there’s a bit of a marketing myth that ‘free’ beats pretty much everything else.
True, who’s going to argue with a free beer, a free pizza, or heck, a free report?
But, you need to be aware that the lure of free ends right there, after that free report.
Strange as it sounds, people don’t value ‘free’ anywhere near as much as they value ‘paid for’ stuff.
Here’s a fine example:
My daughter takes ballet-lessons.
And once a year, they do a big performance where all age-groups do a dance they’ve been practicing for the last year.
Now, right at the end, all students get up on stage and there’s a terrific applause (lots of proud parents;-)
(and yes, the focus is intentional …)
But, once that has semi-died-down, the ballet-teacher gets up on stage …
… and the audience goes mental!
“Standing ovation” does not even begin to describe it.
That’s how incredibly grateful we are for her allowing us to give her good money every month so she teach our youngest daughter some ballet.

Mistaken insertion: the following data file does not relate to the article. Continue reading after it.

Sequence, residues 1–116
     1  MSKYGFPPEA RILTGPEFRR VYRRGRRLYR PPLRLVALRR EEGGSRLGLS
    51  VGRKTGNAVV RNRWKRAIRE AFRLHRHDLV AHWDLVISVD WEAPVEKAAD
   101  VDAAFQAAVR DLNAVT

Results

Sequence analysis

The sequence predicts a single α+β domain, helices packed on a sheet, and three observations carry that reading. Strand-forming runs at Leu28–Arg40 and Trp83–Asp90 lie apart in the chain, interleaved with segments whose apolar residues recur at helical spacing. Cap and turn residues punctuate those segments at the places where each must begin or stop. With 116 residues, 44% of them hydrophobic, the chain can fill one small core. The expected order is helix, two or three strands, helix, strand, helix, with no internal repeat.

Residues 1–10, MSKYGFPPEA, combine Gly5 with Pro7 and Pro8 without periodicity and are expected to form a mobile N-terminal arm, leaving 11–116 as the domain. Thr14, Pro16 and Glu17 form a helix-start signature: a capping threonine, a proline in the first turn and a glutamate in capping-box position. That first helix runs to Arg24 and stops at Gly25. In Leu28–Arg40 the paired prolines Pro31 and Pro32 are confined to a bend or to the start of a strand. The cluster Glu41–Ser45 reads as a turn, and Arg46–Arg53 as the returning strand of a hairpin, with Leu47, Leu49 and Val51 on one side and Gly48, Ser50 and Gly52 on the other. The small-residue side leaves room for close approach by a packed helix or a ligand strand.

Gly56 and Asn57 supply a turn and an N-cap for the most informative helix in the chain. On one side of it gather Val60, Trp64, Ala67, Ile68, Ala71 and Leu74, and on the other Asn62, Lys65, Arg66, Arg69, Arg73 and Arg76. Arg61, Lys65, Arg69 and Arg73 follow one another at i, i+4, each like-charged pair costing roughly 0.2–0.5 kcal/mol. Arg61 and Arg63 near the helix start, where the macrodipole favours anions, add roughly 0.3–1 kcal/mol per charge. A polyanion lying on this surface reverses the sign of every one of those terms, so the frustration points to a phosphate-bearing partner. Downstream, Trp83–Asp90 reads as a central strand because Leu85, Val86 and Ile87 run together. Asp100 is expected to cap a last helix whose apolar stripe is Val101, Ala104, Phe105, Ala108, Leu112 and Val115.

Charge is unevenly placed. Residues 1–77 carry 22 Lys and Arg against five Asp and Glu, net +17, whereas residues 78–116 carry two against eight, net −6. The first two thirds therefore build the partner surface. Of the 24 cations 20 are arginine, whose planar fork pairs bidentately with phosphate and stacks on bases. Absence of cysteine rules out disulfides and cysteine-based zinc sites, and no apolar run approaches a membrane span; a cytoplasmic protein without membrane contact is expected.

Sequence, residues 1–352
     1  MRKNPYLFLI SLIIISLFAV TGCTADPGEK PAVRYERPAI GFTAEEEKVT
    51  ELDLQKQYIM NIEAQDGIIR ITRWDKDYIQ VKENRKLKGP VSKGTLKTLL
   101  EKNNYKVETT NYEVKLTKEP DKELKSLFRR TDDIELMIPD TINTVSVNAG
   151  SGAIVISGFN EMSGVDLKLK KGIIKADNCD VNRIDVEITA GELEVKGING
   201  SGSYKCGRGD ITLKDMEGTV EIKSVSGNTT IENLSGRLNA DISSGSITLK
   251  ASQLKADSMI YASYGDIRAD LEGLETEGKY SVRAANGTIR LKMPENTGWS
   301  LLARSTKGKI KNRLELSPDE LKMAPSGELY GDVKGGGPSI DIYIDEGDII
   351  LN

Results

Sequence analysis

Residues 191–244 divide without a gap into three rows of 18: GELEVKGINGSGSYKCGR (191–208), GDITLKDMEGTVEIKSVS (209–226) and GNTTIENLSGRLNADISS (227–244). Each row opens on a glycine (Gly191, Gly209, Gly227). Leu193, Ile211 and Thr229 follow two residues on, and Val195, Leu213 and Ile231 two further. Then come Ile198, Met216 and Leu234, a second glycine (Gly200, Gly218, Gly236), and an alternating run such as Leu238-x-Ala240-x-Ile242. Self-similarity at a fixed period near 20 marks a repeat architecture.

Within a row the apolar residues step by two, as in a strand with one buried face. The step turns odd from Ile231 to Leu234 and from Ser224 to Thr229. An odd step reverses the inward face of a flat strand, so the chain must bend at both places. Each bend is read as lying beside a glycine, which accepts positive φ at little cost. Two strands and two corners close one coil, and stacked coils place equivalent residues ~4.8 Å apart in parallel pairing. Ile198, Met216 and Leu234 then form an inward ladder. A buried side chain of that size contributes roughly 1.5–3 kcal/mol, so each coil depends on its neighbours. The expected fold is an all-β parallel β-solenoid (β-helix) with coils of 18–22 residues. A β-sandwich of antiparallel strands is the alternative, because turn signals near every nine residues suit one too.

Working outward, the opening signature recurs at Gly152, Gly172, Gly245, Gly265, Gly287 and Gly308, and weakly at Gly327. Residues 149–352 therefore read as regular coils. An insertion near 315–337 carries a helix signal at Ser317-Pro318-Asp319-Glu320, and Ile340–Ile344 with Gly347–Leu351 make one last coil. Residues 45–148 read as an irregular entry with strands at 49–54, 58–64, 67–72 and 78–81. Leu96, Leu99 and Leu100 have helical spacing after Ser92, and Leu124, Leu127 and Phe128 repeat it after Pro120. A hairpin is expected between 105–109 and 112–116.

Now, look at the opposite:
Give people free education, and you nearly have to beat them with a stick to turn up (yes, I’m talking about schools;-)
But, take the opposite, like an evening school: it’s paid. People are keen to attend.
Ecole superieure in France, Ivy-league colleges in the US, public schools in the UK …: super-hard to get into, often not exactly a bargain … and people are queuing to get in.
So, yes, all the examples are from the field of ‘education’ (and I agree, not many people would argue with a lifetime supply of free beer), but I hope you see the value for your own marketing efforts:
absolutely, use the ‘lure of free’ to get people in the door (so they can see for themselves that what you have is right for them), but after that … beware of giving away too much ‘for free’.
People simply don’t value it, won’t take action on it, and it certainly won’t help in positioning YOU as an expert/go-to resource in your field